• Press Release

Researchers Identify New Drug Target for Blood Cancer, Potentially Solid Tumors

Findings are being used to create a clinical trial for patients with myelodysplastic syndrome

  • New York, NY
  • (October 07, 2021)

Mount Sinai and UC San Diego researchers have shown for the first time how mutations affecting a cellular process called RNA splicing alter cells to develop myelodysplastic syndrome (MDS) and other hematologic malignancies and solid tumors, according to a study published in Cancer Discovery in October.

Their research found that these mutations produce an alternative version of the protein created by the gene GNAS. This protein can be targeted by drugs already approved by the Food and Drug Administration for treating other cancers, and therefore could be a good target in MDS. The researchers are creating a clinical trial to test these drugs, known as MEK inhibitors and named for the proteins they inhibit to stop cancer.

MDS is a rare blood cancer that has no effective treatments and a poor prognosis. The mutations investigated in this study, however, are also found in other cancers, which extends the possible applications of these findings.

 “This is the first study to discover that the altered protein created by GNAS is increased in cells with these mutations in MDS, and this results in the activation of processes that would render the cancer cells vulnerable to the MEK inhibitors,” said co-senior author Eirini Papapetrou, MD, PhD, Associate Professor of Oncological Sciences at The Tisch Cancer Institute. “The discovery that we can try to use MEK inhibitors in this cancer is also a first, and our findings also support future drug development to target GNAS, identified in this study.”

Papapetrou led the study with Gene Yeo, PhD, professor at UC San Diego School of Medicine. The researchers generated models of the mutations using stem cells, in order to study them in a physiological genetic context. They then turned the engineered cells into hematopoietic progenitor cells—which are the relevant cell type in blood cancers—and performed splicing and RNA binding analyses.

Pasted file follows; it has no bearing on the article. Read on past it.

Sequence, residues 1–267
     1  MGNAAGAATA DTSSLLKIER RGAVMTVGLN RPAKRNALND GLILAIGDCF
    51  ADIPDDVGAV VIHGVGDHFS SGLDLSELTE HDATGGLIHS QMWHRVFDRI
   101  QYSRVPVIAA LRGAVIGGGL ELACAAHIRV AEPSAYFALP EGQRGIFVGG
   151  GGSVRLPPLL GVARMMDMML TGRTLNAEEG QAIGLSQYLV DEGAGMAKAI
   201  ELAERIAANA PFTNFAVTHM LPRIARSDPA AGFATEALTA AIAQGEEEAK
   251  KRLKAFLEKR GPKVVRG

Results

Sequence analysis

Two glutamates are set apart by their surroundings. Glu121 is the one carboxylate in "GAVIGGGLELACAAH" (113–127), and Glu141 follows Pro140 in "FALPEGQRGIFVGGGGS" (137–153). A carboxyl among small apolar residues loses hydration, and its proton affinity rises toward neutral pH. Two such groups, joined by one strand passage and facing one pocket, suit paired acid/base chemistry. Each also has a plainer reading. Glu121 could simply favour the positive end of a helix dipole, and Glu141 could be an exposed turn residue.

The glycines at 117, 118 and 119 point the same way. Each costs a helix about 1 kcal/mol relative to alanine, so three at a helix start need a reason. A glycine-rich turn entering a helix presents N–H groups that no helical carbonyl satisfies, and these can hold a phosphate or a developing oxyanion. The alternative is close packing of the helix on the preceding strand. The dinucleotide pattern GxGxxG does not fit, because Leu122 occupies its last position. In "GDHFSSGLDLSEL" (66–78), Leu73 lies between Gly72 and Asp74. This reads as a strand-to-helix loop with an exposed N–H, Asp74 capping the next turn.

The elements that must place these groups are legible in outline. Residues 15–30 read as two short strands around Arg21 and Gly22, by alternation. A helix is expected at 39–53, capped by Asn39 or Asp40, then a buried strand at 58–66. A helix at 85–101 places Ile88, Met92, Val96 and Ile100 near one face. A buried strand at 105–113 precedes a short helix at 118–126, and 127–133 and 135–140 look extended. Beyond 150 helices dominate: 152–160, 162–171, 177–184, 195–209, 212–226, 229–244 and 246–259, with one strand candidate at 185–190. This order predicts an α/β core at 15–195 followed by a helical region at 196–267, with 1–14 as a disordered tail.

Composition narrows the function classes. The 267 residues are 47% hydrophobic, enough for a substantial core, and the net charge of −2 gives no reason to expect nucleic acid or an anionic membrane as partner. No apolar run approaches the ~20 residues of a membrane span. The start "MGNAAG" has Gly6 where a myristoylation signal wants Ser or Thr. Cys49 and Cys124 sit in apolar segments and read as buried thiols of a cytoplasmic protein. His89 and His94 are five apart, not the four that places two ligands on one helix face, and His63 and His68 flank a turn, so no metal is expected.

“This work integrates isogenic models of disease with cutting-edge RNA-omics to converge onto a new target for MDS,” Yeo said.

These analyses allowed the team to identify high-confidence targets and to identify the driver of the disease. The team showed that MDS cells from the model as well as cells from MDS patients with these mutations were sensitive to treatment with MEK inhibitors.


About the Mount Sinai Health System

Mount Sinai Health System is one of the largest academic medical systems in the New York metro area, with 48,000 employees working across eight hospitals, more than 400 outpatient practices, more than 600 research and clinical labs, a school of nursing, and a leading school of medicine and graduate education. Mount Sinai advances health for all people, everywhere, by taking on the most complex health care challenges of our time—discovering and applying new scientific learning and knowledge; developing safer, more effective treatments; educating the next generation of medical leaders and innovators; and supporting local communities by delivering high-quality care to all who need it.

Through the integration of its hospitals, labs, and schools, Mount Sinai offers comprehensive health care solutions from birth through geriatrics, leveraging innovative approaches such as artificial intelligence and informatics while keeping patients’ medical and emotional needs at the center of all treatment. The Health System includes approximately 9,000 primary and specialty care physicians and 11 free-standing joint-venture centers throughout the five boroughs of New York City, Westchester, Long Island, and Florida. Hospitals within the System are consistently ranked by Newsweek’s® “The World’s Best Smart Hospitals, Best in State Hospitals, World Best Hospitals and Best Specialty Hospitals” and by U.S. News & World Report's® “Best Hospitals” and “Best Children’s Hospitals.” The Mount Sinai Hospital is on the U.S. News & World Report® “Best Hospitals” Honor Roll for 2023-2024.

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